8 The Tarot Reading Episode Is A Cop-Out
During the second part of The Chilling Adventures of Sabrina, we witness a weird episode in which a fortune teller reveals the possible futures of all of our characters. In "Chapter Fifteen: Doctor Cerberus's House of Horror," Madam Satan poses as Mrs. McGarvey, a woman who can read everyone's tarot cards. She gives each of the main human characters plus Sabrina, Ambrose, and Zelda a glimpse into a horrifying future during each of their readings.
The issue here isn't even that future reveals through fortune telling, visions, and dreams are so overused in fantasy, although they really are. It's that the fortune teller is none other than Lilith, who is the most untrustworthy person in the series up until the final episode. Whether or not her predictions are truthful or a total plot to usurp the Dark Lord, as her own card, the Empress, alludes to, it feels a bit like a waste of an episode filled with what-ifs.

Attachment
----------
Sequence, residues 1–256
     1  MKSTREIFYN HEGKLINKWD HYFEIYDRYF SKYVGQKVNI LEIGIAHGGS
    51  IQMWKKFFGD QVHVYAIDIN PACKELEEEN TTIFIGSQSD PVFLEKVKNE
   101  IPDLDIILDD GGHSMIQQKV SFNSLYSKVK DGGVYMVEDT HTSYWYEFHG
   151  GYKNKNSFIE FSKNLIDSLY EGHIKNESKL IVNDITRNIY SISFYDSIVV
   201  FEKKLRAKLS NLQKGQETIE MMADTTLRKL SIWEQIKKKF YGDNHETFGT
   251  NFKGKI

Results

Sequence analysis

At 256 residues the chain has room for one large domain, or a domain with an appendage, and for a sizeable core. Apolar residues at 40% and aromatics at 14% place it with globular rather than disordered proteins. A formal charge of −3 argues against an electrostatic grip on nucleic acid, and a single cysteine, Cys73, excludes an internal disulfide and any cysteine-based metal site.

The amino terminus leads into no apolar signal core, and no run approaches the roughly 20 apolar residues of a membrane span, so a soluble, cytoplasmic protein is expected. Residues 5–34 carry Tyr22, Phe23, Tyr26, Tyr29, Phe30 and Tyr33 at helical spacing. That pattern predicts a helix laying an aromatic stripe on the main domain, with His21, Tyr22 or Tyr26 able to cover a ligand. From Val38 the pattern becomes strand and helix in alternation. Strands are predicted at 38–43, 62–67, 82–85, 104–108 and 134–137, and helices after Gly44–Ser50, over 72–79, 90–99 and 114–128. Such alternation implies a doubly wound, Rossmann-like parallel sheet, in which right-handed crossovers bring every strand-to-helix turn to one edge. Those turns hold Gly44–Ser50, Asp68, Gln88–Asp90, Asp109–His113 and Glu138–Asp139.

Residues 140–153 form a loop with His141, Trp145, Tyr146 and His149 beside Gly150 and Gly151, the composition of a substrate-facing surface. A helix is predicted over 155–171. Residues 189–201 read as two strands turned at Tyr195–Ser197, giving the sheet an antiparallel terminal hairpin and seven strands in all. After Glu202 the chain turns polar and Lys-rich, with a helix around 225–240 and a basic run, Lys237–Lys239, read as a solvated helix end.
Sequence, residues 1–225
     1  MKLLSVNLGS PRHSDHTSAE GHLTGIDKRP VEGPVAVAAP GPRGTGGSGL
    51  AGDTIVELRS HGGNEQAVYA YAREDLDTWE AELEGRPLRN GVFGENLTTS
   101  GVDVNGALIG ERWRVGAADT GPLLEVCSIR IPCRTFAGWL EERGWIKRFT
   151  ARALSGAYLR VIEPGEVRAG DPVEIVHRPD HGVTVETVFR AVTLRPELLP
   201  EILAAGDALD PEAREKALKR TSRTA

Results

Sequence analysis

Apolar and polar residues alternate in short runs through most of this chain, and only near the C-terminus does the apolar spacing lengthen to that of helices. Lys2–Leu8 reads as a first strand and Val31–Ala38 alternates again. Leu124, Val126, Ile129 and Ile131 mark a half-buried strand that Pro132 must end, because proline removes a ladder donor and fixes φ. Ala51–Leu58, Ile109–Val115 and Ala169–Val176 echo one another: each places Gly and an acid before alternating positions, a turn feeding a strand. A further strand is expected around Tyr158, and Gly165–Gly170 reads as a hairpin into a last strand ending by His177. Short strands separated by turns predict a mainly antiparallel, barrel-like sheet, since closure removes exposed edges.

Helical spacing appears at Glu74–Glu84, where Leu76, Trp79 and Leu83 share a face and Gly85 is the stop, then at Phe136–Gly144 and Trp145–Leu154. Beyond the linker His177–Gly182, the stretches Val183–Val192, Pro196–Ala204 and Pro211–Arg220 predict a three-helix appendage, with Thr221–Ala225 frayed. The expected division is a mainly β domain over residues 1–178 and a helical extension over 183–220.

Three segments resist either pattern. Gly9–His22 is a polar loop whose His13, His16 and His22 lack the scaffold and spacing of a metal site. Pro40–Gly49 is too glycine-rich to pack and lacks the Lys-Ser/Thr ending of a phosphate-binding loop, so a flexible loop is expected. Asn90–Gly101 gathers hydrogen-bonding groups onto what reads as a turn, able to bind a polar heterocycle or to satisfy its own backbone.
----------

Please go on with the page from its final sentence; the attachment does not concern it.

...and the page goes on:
7 Edward Spellman Married Diana In The First Place
The fact that Edward Spellman would marry Diana knowing that there would be trouble when it came to giving Sabrina to the Dark Lord is ridiculous. It's akin to condemning your marriage to failure. The show doesn't explain Sabrina's parents' relationship very well except to show how they both deceived one another in a battle to choose their daughter's path for her. They thus prevented her from the choice she should've received as any other witch.
In the comics, Edward has a plan all along, and he's so evil he's even attracted to Sabrina when he uses Harvey's corpse to come back to life. Yeah, it's vastly different, but it makes much more sense, given that he was a warlock in this series who made a deal with the devil.
6 Madam Satan Is A Flip-Flopper